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A financial guide to new home construction


You’re looking for a new dream home but there’s just one problem: You can’t find anything you like. This isn’t an uncommon scenario, as housing inventory in the U.S. has generally decreased in recent years1.

In this type of situation, a possible solution is to build a brand-new home. This allows you to control the look and feel of the house, including the types of materials that are used and the amenities that are featured. Of course, there are other considerations when building from scratch, such as finding open land and making sure you can afford the project. Let’s take a closer look at property construction from a financial perspective so you can get one step closer to your new dream home.

First things first: Choosing the right location

Just like with purchasing an existing home, a construction project involves choosing a location where you feel comfortable. While built-out neighborhoods might not always have open spaces, you will have some additional options in less developed areas. This can include planned communities, where you’ll generally have more structured regulations to follow when building your home. This is a perfectly acceptable tradeoff for some homeowners, but it’s important to be aware of the rules before moving forward.

People also regularly build new homes on bare lots that they already own or are buying as part of the construction process. Most builders are comfortable building a custom home on a lot owned by the clients.

Once you find a location you like, you may want to consider a lot loan through your lender, which is a type of short-term financing used to secure a residential lot before moving into construction.

Financing your construction

After choosing a location, it’s time to move into construction. A construction loan can help you pay for everything that will go into the project, such as materials and contractors. Construction loans are structured like lines of credit. They are short-term loans that allow you to draw funds to cover project costs and make interest-only payments during the building phase. Once a project wraps up, these loans often can convert into longer-term mortgages.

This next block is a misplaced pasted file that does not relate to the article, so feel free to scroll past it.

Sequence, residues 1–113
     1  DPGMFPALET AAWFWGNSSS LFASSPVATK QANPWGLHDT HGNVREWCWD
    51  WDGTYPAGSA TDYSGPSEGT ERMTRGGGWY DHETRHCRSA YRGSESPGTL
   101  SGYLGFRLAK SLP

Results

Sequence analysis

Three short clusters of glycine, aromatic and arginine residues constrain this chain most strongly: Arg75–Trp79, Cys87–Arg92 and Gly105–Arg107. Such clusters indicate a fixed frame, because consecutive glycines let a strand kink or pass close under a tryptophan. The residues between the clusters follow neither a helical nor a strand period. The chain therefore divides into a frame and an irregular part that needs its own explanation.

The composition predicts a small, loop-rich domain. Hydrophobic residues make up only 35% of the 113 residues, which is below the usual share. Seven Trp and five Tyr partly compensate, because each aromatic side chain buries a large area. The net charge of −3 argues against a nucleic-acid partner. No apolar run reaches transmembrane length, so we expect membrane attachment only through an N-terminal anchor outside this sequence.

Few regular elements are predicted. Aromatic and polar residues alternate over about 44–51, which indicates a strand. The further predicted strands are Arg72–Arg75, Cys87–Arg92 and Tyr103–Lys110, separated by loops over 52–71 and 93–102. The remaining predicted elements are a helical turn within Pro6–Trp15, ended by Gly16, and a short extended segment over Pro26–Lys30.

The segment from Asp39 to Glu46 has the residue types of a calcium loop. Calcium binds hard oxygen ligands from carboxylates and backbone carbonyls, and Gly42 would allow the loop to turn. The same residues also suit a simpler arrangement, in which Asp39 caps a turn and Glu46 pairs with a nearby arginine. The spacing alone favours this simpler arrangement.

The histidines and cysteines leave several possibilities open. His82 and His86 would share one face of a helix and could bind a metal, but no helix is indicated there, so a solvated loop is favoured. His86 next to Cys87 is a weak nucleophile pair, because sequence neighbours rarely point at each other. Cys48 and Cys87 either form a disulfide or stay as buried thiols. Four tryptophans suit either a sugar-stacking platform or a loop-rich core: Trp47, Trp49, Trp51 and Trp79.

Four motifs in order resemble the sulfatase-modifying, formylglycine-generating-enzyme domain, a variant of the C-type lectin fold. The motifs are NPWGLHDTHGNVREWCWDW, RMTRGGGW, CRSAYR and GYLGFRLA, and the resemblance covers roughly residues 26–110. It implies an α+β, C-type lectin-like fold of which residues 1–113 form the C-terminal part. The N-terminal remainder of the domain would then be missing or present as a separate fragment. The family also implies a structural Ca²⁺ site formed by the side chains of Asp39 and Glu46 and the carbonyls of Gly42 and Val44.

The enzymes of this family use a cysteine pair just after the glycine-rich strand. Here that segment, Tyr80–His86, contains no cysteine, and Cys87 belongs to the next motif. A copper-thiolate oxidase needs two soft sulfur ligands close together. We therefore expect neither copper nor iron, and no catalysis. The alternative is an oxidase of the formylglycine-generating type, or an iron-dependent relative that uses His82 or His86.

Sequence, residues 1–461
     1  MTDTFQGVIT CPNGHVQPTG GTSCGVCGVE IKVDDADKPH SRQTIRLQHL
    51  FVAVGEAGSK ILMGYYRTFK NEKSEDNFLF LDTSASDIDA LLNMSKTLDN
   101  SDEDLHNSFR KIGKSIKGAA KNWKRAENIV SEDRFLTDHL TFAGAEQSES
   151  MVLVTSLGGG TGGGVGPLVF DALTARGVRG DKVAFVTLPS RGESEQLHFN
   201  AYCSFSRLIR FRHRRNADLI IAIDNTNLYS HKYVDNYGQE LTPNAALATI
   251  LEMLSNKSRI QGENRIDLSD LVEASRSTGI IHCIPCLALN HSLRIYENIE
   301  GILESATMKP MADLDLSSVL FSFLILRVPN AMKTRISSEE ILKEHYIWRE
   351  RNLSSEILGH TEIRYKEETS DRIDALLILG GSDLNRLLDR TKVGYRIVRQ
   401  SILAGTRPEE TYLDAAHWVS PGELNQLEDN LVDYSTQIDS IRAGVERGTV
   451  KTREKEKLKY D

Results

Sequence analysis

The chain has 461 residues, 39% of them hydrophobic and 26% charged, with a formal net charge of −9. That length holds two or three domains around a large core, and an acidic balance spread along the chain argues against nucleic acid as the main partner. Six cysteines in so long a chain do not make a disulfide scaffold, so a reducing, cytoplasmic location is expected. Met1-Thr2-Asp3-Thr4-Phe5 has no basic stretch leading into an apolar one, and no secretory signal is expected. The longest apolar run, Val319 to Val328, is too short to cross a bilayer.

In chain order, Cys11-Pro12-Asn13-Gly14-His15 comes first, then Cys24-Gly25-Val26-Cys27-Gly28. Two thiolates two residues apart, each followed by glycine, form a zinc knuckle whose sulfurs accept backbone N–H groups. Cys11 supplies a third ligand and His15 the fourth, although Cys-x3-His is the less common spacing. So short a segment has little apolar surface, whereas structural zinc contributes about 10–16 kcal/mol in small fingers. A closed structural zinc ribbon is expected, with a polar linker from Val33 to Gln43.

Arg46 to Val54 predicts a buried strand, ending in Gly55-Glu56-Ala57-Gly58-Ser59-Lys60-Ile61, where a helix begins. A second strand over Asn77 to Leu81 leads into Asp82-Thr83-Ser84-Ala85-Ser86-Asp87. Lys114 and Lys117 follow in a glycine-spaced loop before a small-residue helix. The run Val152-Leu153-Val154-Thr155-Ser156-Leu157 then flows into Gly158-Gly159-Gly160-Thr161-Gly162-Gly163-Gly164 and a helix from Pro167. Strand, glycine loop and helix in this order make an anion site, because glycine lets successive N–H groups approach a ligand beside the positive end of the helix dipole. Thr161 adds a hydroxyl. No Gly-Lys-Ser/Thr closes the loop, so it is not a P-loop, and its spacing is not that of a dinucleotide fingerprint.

Construction loans are typically structured with a single closing or two closings. Here’s more on how those two options differ:

One closing

With this option, you get to lock in a single rate for your construction loan and longer-term mortgage at the same time. There is convenience in only having to close once, and if you find a favorable interest rate, you don’t have to worry about it going up over time.

However, what you gain in convenience you lose in flexibility. You will not be able to change the loan amount if construction costs go up for any reason, such as changing a building material or running into cost overruns.

Two closings

Another approach is to close once on the shorter-term construction loan and then again before moving into the longer-term mortgage. The benefit here is flexibility as you may be able to increase your end loan amount to cover changes and overruns, if you qualify. The flip side is that you will have some interest-rate risk and you’ll also have to pay some of the closing costs twice.

Moving forward

The home construction process can be quite involved, from finding and securing a lot to financing the construction itself. That makes it critical to work with a trusted lender that understands all of these steps. Ideally, this lender can provide support from beginning to end with a construction loan that transitions into a mortgage. Finding a one-stop-shop, like Bremer Mortgage, can help you stay on top of everything and build the home of your dreams.